In a career filled with scene-stealing turns, Weird Science’s Chet might be Bill Paxton’s most underrated performance. Writer/director John Hughes was hugely prolific throughout the ’80s and ’90s and is behind some of those decade’s biggest comedies. After scripting the likes of 1983’s National Lampoon’s Vacation, he stepped behind the camera to direct teen comedies Sixteen Candles and Ferris Bueller’s Day Off. The Breakfast Club – which featured five students from different walks of life bonding during a weekend detention – might be his most beloved work.

He later moved on from teen movies to direct the likes of Planes, Trains And Automobiles – whose perfect ending was a happy accident – starring Steve Martin and John Candy. While he retired from directing following 1991’s mediocre Curly Sue, his name continued to appear on the writing credits for the first three Home Alone movies and Jennifer Lopez romantic drama Maid In Manhattan. His work was hugely influential on filmmakers like Kevin Smith and Jon Watts also.


Even among his eclectic CV, Weird Science from 1985 – the same year The Breakfast Club was released – is one of his strangest. It’s a mixture of teen comedy and sci-fi b-movie, where two dorky teenagers create a beautiful woman named Lisa (Kelly LeBrock) with their computer. Lisa then teaches them some important life lessons, though her presence also creates chaos for the both of them. While his screentime is all too brief, the late, great Bill Paxton’s turn as Chet is one of Weird Science’s comic highlights.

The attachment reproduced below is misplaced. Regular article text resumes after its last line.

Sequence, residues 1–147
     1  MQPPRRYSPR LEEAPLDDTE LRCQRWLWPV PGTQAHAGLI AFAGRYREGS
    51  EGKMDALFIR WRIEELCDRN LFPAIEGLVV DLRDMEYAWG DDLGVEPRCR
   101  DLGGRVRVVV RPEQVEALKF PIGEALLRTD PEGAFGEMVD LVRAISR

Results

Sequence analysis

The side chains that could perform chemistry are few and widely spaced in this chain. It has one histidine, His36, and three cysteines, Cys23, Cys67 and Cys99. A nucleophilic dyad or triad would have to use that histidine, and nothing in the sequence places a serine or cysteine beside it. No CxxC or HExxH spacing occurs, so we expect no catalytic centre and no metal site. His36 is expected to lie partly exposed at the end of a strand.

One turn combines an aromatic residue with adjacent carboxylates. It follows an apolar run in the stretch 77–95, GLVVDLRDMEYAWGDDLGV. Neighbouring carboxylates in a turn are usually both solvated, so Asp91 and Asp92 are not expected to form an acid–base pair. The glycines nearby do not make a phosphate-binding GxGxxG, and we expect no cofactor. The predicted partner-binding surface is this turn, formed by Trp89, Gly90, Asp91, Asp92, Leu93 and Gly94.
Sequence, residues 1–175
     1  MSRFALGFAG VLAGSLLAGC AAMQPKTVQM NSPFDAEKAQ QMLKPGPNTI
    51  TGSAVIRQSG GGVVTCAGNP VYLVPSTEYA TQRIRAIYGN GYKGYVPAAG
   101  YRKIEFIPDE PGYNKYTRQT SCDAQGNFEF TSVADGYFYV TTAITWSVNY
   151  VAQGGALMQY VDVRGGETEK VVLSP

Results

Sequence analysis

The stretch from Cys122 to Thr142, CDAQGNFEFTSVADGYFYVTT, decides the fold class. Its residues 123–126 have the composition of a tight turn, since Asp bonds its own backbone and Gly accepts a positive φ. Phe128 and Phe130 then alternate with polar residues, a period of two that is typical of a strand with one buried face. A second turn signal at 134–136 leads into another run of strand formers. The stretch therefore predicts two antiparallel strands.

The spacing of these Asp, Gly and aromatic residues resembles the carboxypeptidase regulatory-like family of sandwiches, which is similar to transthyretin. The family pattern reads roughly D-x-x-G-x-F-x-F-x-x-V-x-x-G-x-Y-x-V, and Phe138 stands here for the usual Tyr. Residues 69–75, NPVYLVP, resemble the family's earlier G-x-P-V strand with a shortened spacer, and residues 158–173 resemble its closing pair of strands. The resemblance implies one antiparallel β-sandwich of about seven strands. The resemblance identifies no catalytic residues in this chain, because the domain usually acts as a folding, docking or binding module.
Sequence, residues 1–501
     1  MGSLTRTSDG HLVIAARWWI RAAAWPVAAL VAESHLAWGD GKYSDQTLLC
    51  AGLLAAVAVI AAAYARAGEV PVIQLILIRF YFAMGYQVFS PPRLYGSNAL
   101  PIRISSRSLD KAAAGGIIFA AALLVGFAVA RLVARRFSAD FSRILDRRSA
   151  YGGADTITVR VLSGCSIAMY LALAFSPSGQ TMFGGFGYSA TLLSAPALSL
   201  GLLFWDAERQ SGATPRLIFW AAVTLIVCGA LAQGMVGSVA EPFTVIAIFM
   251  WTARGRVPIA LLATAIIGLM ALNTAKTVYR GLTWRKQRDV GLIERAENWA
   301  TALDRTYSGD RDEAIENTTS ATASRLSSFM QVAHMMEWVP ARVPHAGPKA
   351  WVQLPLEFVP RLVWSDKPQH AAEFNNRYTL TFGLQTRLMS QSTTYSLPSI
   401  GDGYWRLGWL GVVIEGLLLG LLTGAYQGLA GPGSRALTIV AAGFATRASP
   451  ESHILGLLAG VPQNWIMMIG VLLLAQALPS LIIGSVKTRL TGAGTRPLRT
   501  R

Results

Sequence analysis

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Bill Paxton’s – who nearly had an Alien Vs Predator 2 cameo – Chet is in military school and is tasked with looking after his younger brother Wyatt while their parents are away. Weird Science’s Chet is the stereotype of the bullying older sibling cranked up to 11 and delights in tormenting his brother. Paxton has a long line of credits – often in sci-fi movies – where he steals scenes, including Aliens‘ Hudson or Edge Of Tomorrow. Weird Science’s Chet might just be Bill Paxton’s most underrated performance because while he received great reviews for the role, it really is comic perfection.

From Chet’s flat-top haircut to his horrible laugh, Paxton crafted one of the most loathsome screen bullies ever. He hammers home punchlines like “How ’bout a nice greasy pork sandwich served in a dirty ashtray?” – which is a line Paxton adlibbed – to sicken his hungover brother. Even when Weird Science’s Chet is turned into a festering, Jabba The Hutt-style beast by Lisa as punishment for his bullying ways, his voice work sells the illusion this blobby puppet is still the same Chet inside. Whether or not Weird Science’s Chet is one of Bill Paxton’s most underrated turns, he later cited the role as one that gave his career at the time a real boost.

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